The third was the bombing at the Boston Marathon in April 2013. As had been the case during the Sandy Hook shooting, I was reporting on a tournament at the time, and wrote then how “it felt odd to be locked in that poker tourney cocoon while such terrible things were happening outside of it.”

    The shooting at the Pulse nightclub in Orlando early Sunday morning has again forced all of us out of our respective cocoons. Or has it? Beyond the horror of the scene and the extent of pain inflicted, there’s that unsettling sense already that even the “deadliest mass shooting in American history” -- as some (not all) have described it -- hasn’t necessarily moved the collective to a point of acting in response.

    Remember the Harrington on Hold’em books, and that explanation of “inflection points” that comes up in the second volume? That’s the concept associated with the famous “M” ratio signaling how many orbits you have left according to your stack size, and the corresponding “zones” (green, yellow, orange, red, and “dead”) meant to identify what sort of maneuverability you have left according to your remaining chips.

    Regarding inflection points, authors Dan Harrington and Bill Robertie introduce the concept by way of a football analogy, referring to a team that is behind having to jettison certain plays from their playbook in order to preserve time and score fast. As the clock winds down, multiple “inflection points” are crossed -- i.e., first short runs are out, then all running plays, then even short passes aren’t viable as the seconds tick away. Finally a team’s options are whittled down to just one -- a long Hail Mary pass into the endzone.

    Similarly in tournaments, they explain, when your stack gets too short your reduced to just a few moves, then eventually only the one of going all in. Each time you reach an inflection point, you must actively recognize certain options are no longer available to you.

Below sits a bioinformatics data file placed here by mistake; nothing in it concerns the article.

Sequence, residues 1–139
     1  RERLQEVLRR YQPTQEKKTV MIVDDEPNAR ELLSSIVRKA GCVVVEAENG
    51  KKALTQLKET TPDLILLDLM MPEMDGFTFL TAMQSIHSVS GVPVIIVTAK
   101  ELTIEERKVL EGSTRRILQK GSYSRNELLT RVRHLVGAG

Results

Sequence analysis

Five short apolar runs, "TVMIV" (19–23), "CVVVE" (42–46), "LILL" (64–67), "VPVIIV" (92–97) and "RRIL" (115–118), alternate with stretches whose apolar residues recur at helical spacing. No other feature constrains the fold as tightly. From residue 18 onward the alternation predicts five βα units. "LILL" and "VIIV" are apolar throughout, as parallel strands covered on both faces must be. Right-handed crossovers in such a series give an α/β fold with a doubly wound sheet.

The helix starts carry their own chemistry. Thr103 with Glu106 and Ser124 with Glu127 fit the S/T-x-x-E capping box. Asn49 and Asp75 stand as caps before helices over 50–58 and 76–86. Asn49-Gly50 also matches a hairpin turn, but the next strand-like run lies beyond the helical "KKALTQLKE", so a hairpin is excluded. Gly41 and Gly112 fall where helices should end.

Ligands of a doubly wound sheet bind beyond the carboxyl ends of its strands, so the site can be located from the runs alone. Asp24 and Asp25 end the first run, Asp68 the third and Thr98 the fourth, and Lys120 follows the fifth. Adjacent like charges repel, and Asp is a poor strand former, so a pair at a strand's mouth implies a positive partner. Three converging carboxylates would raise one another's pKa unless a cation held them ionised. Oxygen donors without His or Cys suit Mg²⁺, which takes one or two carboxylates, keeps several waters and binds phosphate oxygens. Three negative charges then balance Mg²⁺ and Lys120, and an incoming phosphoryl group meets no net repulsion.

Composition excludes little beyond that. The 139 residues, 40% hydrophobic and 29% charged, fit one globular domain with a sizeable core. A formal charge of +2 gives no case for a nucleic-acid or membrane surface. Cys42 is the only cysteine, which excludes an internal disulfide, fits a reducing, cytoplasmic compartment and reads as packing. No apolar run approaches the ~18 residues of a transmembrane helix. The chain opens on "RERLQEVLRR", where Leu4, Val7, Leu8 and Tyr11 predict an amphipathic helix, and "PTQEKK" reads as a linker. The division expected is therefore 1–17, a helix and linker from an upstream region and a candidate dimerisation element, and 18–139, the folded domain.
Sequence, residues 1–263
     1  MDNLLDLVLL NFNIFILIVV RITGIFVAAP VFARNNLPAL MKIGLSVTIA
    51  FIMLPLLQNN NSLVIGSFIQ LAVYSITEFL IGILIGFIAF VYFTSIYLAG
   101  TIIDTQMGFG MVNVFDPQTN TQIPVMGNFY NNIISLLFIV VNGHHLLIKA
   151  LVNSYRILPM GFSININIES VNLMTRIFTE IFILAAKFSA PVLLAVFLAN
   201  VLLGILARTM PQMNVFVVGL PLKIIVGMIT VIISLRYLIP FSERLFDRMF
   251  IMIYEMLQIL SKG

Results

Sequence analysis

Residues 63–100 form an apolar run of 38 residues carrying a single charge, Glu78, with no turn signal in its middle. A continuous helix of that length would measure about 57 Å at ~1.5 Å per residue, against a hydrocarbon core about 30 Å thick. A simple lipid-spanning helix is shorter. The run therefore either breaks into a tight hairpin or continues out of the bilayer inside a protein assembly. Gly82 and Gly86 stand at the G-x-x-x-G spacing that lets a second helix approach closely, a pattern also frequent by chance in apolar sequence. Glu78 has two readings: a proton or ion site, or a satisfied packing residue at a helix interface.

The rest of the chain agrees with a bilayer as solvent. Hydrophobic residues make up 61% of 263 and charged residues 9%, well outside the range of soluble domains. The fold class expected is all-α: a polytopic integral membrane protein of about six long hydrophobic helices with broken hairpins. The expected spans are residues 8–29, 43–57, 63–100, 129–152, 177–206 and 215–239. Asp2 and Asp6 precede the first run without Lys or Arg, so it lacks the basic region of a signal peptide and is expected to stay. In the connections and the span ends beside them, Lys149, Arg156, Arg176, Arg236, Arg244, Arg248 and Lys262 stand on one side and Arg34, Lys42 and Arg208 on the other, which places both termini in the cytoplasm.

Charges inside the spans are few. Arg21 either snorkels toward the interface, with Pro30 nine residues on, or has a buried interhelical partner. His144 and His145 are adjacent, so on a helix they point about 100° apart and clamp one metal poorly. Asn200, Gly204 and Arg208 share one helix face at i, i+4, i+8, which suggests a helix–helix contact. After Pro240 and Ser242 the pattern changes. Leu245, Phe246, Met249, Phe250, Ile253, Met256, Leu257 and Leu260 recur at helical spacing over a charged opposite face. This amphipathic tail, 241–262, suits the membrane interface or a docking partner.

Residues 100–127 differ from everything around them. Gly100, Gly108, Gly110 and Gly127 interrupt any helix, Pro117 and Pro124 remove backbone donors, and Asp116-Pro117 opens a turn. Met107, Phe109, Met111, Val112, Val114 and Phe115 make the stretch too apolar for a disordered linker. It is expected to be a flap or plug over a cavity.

I feel like each of these shootings first appear as though they could represent “inflection points” insofar as they seem initially to encourage both dialogue and even action designed to reduce the chances of another occurring. But we never seem to reach the inflection point beyond which the option just to keep on sitting tight is no longer available to us.

    Perhaps as a collective we’re overwhelmed by the seeming impotence of the majority in the face of those in power (or, in this election year, those seeking power) -- that is to say, those whose all-encompassing motive is to preserve their comparatively elite status. Such a goal is usually best achieved by continuing to encourage all to keep on sitting tight -- that is to say, to prevent us from thinking we’ve crossed an inflection point beyond which some sort of drastic, culture-changing, life-altering action emerges as the only option left.

    (Incidentally, the screamingly hurtful, nonsensical noise emanating from the demagogue who has now secured the Republican party’s presidential nomination is meaningfully confusing to many. If regarded with any scrutiny whatsoever, the several “options” he proposes are in truth uniformly self-destructive, and if we step back to take a broader view of the nation’s history, we quickly realize his proposals were shown to be untenable long ago, after we crossed earlier inflection points.)